If you do have any where you're planning to have a switch control either all or one half of the duplex receptacle, ask us and we can tell you how to do that.
 
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Old 03-25-13, 05:16 PM
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Ok Guys. Bev has her multimeter and her wiring made simple book
Yay!

Bev, if you are wondering where the unlabeled cables in your boxes go, you can use the continuity tester in your new meter to find out. First, set the meter to Ohms and touch the two probed together. The meter should light up or make noise or both. If it doesn't, check the battery, read the instructions that came with it for testing for continuity, or ask us.

Once you've got the meter reacting, use a wire nut to temporarily connect any two insulated conductors in one of your mystery cables. Then go to each of the other boxes and touch the meter probes to those same two wires, by color, in each cable there. When you get the same signal that you got when you touched the two probes to each other, you've found the other end of the cable with the wire nut connecting two of its wires,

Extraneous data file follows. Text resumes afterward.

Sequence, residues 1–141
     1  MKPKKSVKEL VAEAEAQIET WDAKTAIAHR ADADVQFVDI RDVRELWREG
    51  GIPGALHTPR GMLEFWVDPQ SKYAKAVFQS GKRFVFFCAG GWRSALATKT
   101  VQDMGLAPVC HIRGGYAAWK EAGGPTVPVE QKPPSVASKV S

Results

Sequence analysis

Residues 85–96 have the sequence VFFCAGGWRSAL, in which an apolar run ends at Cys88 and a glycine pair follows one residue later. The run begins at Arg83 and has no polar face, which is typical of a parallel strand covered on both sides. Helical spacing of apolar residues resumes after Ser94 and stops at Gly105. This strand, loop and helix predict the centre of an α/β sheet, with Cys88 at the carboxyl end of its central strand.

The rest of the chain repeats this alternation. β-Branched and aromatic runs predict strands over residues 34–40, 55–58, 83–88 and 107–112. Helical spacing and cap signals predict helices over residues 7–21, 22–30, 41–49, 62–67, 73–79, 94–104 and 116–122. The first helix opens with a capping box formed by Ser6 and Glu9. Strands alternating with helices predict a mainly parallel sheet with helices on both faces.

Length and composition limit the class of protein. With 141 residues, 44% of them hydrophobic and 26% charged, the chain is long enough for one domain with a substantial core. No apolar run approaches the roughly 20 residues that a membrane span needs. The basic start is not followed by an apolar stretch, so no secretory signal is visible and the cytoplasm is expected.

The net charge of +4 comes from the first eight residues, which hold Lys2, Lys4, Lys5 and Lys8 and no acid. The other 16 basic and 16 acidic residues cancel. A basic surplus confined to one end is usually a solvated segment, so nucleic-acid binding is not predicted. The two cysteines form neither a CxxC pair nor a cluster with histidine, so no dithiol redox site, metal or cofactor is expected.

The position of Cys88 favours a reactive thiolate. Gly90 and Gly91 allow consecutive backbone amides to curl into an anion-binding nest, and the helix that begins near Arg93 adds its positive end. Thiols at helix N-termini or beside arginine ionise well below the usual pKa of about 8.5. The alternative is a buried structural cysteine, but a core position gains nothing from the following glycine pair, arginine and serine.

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Old 04-08-13, 09:31 AM
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continuing saga..

Hi Nash, Ray and everyone. The good news is.. I have the two panels connected successfully. The clothes dryer is on the new panel and is working!! YAY! So, I wired receptacles and light switches for the upstairs room... [we added two rooms upstairs/one room downstairs] All that is left is one light switch.. the two ceiling fans [they have three cables] and the double 3 way switch box upstairs. As I have been adding the receptacles and switches I have checked and so far there is NO current to any of them.. that makes me very,very nervous. Shouldn't something work?? On the double gang is it?? 3 way switch I have power to 2 of the four cables. One switch will work the ceiling fans upstairs.. the other works the lights in the hallway. On the ceiling fan two of the cables are hot.. and one is not. So.. that is what I have found out about the cables involved in the ceiling fan. The guy at the store where I bought my three way switches says it sounds to him like maybe too many wires were run. I have no idea. The way I have understood it..reading the book.. when two cables come into a light switch I splice the two neutrals..and the two grounds.. and then run the two black wires to the screws.. is that correct? I appreciate all of your help.. Beverly